Catholic schools are not automatically better than state schools.
Every house I've lived in in Melbourne has been properly heated.
There are plenty of decent beaches unless you need surf, in which case a drive is needed.
The sea is not cold all year round.
Feeltheforce: the link has a lot of detail, but it's basically the UN Human Development Report, which measures a lot of indices including a comparatively high level of education and literacy, low crime, equality for women and minorities, good access to health care, longevity of life, good quality food, housing, etc.
Like anywhere else though it depends on areas. On 'Wanted down Under' in Melbourne the houses are in terrible areas or three hours from the outskirts.
I think it's expensive. You get nothing for free here. Ambulances, school swimming. Museums. $40 for a bottle of antihistamine. Our 'voluntary' school 'fees' have just tripled. Our school dress is $50 and the polo shirt is $45. In a state school.
My dh works in the CBD. He gets the train in which takes 40 minutes. We do not like in a good area. It's not posh and our rent is $560 a week. We could live in a palace for that at home.
We are half an hour from the most spectacular beach I have ever seen though.
savoycabbage - you are so spot on with "wanted down under" - DH and I have watched it literally screaming at the TV going Where TF is that?? !! Then our UK friends will say wow did you see "wanted down under" last night, those houses are amazing, why don't you move back there! - Takes us ages to explain it.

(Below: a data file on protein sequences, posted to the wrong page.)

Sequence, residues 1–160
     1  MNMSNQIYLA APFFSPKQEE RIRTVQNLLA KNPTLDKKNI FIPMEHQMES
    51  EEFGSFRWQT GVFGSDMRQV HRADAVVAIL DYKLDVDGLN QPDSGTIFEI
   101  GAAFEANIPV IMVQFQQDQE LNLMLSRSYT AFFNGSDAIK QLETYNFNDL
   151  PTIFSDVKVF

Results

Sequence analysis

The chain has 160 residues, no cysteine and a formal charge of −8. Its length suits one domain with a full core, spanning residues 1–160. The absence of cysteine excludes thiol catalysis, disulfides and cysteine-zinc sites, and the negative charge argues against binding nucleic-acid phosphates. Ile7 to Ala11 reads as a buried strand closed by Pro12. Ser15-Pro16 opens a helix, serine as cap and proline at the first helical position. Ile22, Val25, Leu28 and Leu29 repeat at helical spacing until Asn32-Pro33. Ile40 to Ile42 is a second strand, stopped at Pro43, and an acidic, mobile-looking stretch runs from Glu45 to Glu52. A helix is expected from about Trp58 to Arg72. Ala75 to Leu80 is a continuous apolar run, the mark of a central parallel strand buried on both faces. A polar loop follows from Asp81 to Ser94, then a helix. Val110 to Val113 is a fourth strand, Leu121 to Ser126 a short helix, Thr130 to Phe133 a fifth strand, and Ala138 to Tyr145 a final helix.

Now we are in Perth which is similar but not quite as restrictive so we are spending quite a lot to live 10 mins drive from the beach and 15 mins from the city. As we are only here short term it is doable but not sure how or where we would afford to buy a place big enough for us & 3 kids and sustain it long term.
I guess a lot of it is what you want and where you want it. In Brisbane we are yes 45 mins from Cbd and in an area that's an improving demographic. But there's no way e could live on acreage under an hour from say Leeds in a 6 bed house.. For us it's worth it. Private school here is much cheaper than uk.
I wanted to ask about health. DH will be on a good salary (I hope). DS1 has some health issues that mean we have to see specilialists every so often. I was a bit concerned as I don't really understand their healthcare.
Also, people in Melbourne, has it lived up to expectations?
Look for the first few months I wasn't so sure if it was worth it. But the weather is 100x better than the UK, it is autumn now and we have beautiful 25 degree days, we are heading to the Mornington Peninsula this weekend to make the most of it. Winter is much better than the UK - around 15 degrees and not as gloomy as the UK although it does rain a lot.
There are loads to do in and around Melbourne (and lots for free - always something on at Fed Square, the Botanical Gardens and all the Park Victoria sites are free) and it's much easier to get around - I've never really been stuck in a traffic jam while it happened lots of times in the UK. The beaches are amazing and you can be on an great beach (natural beach - not a building in site!) in an hour and we are quite far out.
Our house is very spacious and we are surrounded by bush / farmland - we see horses, cows and llamas every day on our way to school, also Cockatoos, galahs and other parrots flying around - beautiful. But then we are also 10, 15, 20 mins away from large shopping centers and like I said 30 mins from the city. I do miss the community feeling of living in a town like Guildford for instance.